Reports from the supply chain claim that Nintendo is suffering a component shortage for its popular Switch console, induced by Apple's need for the iPhone and other smartphone manufacturers.
First reported by the Wall Street Journal, Nintendo can't keep up with demand for the Switch because orders for Toshiba's NAND flash memory is exceeding supply industry-wide. Cited as major factors for the limited chip supply are Apple's production of the iPhone 7 and future unnamed models, other smartphone manufacturers, and data centers.
Asked for comment, a spokeswoman at Toshiba said that demand for the storage chips are "overwhelmingly greater than supply" at present. The situation is unlikely to resolve itself in 2017, according to Toshiba.
While Nintendo is no stranger to short supply at retail by accident or design, the company claims that it hopes to build 20 million units of the Switch before March 2018. Nintendo reportedly fears wide-spead "customer tantrums" should it lack available stock for the 2017 holiday season.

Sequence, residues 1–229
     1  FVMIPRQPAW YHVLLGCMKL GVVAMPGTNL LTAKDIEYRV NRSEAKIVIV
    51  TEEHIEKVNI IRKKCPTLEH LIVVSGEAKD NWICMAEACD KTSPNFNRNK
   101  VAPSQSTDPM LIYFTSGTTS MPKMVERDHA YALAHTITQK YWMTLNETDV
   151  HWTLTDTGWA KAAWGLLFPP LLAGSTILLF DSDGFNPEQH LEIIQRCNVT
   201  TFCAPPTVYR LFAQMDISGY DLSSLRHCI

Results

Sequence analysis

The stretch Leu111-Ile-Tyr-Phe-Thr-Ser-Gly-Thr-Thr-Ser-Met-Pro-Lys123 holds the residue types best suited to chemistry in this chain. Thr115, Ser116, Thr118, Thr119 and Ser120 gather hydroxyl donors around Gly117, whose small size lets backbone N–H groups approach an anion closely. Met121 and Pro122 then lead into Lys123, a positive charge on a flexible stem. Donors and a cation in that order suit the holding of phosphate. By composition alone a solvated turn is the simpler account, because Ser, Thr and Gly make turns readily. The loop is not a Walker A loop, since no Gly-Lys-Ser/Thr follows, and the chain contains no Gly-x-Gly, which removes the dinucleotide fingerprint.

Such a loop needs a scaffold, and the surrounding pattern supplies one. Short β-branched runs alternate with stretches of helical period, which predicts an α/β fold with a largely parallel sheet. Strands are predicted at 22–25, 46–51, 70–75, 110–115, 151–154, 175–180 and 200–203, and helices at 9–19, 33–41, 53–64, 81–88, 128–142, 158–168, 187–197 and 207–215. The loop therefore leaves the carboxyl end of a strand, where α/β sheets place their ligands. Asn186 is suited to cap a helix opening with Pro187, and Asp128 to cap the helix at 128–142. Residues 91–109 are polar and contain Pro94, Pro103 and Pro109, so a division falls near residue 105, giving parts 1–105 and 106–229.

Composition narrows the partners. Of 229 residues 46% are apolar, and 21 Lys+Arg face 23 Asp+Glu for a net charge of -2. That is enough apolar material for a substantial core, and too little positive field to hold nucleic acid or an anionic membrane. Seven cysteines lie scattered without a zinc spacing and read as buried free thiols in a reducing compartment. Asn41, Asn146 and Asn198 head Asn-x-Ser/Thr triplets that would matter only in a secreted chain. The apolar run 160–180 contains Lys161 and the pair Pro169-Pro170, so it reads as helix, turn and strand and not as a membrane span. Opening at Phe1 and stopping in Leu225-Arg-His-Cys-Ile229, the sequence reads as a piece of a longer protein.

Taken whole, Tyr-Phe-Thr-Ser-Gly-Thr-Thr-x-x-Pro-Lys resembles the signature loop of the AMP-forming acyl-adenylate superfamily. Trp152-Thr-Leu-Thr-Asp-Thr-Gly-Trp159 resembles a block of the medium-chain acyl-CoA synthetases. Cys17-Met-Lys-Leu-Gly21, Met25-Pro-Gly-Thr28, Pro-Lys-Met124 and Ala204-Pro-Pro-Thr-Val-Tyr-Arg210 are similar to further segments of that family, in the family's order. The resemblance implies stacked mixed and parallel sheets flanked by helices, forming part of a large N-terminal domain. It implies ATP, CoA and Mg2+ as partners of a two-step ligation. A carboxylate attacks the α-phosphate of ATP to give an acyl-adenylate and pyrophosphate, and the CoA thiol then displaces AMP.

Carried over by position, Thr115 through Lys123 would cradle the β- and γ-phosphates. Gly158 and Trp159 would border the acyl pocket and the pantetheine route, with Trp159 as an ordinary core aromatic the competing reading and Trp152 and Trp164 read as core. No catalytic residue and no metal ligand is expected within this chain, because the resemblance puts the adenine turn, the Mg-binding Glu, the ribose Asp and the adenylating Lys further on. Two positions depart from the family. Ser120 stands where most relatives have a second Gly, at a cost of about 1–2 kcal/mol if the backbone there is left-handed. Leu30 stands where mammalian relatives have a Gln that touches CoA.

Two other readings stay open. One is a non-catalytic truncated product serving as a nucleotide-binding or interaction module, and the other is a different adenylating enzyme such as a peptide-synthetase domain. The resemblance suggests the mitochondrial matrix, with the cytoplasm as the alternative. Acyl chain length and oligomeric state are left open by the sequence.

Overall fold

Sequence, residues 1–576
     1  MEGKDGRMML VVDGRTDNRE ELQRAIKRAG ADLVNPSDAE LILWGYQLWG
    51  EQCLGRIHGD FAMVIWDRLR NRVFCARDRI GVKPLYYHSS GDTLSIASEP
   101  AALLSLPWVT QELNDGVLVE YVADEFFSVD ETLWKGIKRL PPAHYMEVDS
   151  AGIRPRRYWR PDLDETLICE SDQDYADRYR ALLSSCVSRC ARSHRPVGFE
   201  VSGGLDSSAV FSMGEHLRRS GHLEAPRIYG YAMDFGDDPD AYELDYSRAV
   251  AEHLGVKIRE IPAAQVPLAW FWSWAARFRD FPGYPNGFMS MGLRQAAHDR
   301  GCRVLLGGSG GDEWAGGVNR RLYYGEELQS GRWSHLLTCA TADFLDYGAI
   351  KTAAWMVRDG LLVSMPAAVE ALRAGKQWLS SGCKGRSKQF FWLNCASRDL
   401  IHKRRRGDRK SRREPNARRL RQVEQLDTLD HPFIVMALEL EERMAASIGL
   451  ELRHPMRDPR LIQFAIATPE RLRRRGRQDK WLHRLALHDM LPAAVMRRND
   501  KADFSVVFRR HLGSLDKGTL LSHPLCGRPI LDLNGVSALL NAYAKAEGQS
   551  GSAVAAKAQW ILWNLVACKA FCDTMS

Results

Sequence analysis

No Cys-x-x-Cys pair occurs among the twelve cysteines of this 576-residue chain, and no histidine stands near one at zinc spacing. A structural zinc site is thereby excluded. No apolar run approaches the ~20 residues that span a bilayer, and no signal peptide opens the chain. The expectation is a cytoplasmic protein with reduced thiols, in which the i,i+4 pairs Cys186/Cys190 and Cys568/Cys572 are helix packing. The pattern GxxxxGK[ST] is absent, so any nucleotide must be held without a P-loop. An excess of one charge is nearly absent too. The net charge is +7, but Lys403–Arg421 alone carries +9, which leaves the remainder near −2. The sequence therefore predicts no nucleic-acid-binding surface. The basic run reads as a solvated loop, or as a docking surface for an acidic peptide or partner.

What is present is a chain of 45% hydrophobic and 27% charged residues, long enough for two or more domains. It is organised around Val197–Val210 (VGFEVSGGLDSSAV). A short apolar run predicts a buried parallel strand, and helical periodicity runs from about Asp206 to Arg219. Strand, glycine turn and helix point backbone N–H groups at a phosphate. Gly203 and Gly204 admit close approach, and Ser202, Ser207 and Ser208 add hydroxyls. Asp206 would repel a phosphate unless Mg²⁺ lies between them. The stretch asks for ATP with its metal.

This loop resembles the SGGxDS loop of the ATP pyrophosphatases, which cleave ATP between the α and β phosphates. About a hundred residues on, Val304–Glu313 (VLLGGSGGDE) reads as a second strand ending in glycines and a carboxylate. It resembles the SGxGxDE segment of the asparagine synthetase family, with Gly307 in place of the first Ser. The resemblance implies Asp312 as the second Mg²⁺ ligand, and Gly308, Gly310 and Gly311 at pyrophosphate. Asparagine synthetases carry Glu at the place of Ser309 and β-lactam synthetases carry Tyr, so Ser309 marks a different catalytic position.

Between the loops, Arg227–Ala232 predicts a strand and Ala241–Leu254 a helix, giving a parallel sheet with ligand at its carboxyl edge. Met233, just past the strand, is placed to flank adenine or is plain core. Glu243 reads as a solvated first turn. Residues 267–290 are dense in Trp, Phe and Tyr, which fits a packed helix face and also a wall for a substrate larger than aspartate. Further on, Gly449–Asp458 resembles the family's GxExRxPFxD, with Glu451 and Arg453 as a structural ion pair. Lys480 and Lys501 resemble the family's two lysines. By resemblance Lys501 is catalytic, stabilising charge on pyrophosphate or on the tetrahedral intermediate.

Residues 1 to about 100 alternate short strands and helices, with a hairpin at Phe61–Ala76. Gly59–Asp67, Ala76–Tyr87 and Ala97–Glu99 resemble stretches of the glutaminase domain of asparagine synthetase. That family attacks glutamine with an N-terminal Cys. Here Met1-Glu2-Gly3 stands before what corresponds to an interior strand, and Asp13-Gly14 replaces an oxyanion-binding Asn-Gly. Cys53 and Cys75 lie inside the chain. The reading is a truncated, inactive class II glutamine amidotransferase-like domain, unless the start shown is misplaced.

The Nintendo Switch launched in March, and is a touchscreen tablet with attachable controllers to the left and right of the screen. The device is set to feature integration with an official Nintendo app for iOS, though it is not yet available at launch.
The $299 console shipped around 2.74 million units in the first month of its launch, besting Nintendo's projections of 2 million units. It remains heavily constrained at retail. Nintendo shipped 13.56 million of its predecessor, the Wii U.